“Boyz II Men! Serious throwback!” I said while waiting in line at Cape Fear Community College’s bustling North Campus coffee shop. Being from Philly, I have a soft spot in my heart for their smooth vocal harmonies. Their music alone wouldn’t have gotten them to the top of the charts. To generate lasting crossover appeal, they had to be cooler than The King.
The student with a dangling earpiece turned around, gave me a once-over and said nothing. What does a 20-year-old black man have to say to a middle-aged white guy? Especially one who interrupted, “It’s so hard / to say goodbye / to yesterday…”
Just as intriguing: What did I have to say to him?
As the young man replaced his earpiece, I wondered if he was part of the #HimToo movement? Was he wearing a body camera to document his interactions with women and prevent himself from being falsely accused of a crime?
I’m all for due process. I can envision how overzealotry in the #MeToo movement could lead to harm. But there’s little evidence we’re near the point where we need to protect the rights of powerful white men even more than we do now.
I looked again and didn’t see a body camera. Too bad for him. He’s black. He’s far more likely to be falsely accused, falsely convicted and falsely imprisoned than any white guy. He’s likely to get poor representation and few second chances. If convicted, he would be virtually unemployable. If he carries a felony, he’ll lose the right to vote. But he might not have to face false accusations. Because of our implicit biases and cultural conditioning, he’s also more likely to be shot than a white suspect. That’s a whole lot of “ruin.”
By contrast, there’s slim chance a false accusation would actually “ruin the life” of a prep school, Ivy League-educated white guy like Brett Kavanaugh. Because Dr. Ford disclosed events alleged to have occurred well outside the statute of limitations, the worst that could have happened to Kavanaugh was suffering survivable embarrassment of Senate rejection, getting a lucrative book deal, and a slew of second chances to rebuild his reputation and add to his retirement funds.
As it stands now, by Christmas few Americans will remember the controversy or even his name. He’ll join Clarence Thomas and become another near-anonymous judge sitting on the bench, despite credible claims of sexual assault. In each case, most senators agreed something unseemly happened. In each case, they voted by the slimmest of margins that whatever it was simply wasn’t bad enough to prevent the nominee from getting the job.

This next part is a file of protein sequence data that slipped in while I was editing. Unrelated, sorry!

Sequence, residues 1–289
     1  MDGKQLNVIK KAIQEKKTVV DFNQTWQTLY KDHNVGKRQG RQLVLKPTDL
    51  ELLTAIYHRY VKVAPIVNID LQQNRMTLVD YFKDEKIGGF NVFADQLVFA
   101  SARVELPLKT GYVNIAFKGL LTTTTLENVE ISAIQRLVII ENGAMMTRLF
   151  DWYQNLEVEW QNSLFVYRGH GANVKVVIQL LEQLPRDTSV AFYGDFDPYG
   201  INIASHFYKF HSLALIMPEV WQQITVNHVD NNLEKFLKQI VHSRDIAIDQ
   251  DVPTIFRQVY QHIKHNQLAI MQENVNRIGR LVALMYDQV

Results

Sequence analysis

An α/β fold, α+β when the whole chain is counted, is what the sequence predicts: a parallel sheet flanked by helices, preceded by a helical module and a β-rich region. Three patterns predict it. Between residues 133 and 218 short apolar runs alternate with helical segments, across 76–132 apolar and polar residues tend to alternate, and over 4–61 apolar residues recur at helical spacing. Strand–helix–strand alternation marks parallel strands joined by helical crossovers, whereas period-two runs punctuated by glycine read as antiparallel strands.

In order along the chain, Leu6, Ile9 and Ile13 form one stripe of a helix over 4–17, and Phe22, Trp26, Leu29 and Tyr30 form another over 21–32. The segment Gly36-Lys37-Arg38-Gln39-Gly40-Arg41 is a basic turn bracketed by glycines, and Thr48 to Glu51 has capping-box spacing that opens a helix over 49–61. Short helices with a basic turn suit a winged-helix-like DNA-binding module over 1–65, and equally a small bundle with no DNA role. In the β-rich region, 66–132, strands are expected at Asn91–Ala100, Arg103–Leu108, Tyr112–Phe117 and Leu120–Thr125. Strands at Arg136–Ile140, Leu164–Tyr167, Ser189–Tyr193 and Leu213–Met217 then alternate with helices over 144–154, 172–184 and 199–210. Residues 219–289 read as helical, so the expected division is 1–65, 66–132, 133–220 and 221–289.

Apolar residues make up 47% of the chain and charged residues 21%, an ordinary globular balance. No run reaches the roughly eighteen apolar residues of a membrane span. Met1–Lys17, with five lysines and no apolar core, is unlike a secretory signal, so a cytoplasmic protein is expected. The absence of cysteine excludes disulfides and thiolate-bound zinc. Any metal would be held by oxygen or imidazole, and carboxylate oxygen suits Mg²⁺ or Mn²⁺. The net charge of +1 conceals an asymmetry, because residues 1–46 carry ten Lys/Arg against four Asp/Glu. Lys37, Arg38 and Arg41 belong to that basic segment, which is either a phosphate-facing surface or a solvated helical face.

“Boys will be boys,” right?
We seem to be OK with that.
We also seem to be OK with displays of aggrieved rage of persons in power. As long as they are white and male. How far would candidate Obama have gotten in 2008, if he defended himself against false allegations that he was born in Kenya by whining like a petulant child and having an emotional breakdown in front of America? Our current POTUS can’t contain his emotions for a 24-hour news cycle. Our newly confirmed SCOTUS member can melt down under questioning, but the black guy? He had to be cooler than Elvis just to stay on the ballot.
When women in positions of power express anger, they are seen so much differently than men.
According to Jessica Salerno’s study in September 2018’s “Law and Human Behavior,” when male attorneys express anger, they’re seen as powerful. When women attorneys do the same, they’re seen as “shrill, hysterical, grating, and ineffective.”
Right here and right now, it seems men, white men in particular, are trying to say hello to yesterday. We aren’t penalized for acting like little boys. That’s part of “white privilege.” What will it take for these guys to go from boys to men?
There’s a lot we can all do, a lot of men can do—and starting with Googling what “no” means. Listening to a little less country and a little more Motown might help. I’d start with Aretha’s “R-E-S-P-E-C-T.’ Maybe stop there until the beat starts to sink in.
As the young black student grabbed his chai tea, I finally thought of what to say to him, “Vote!”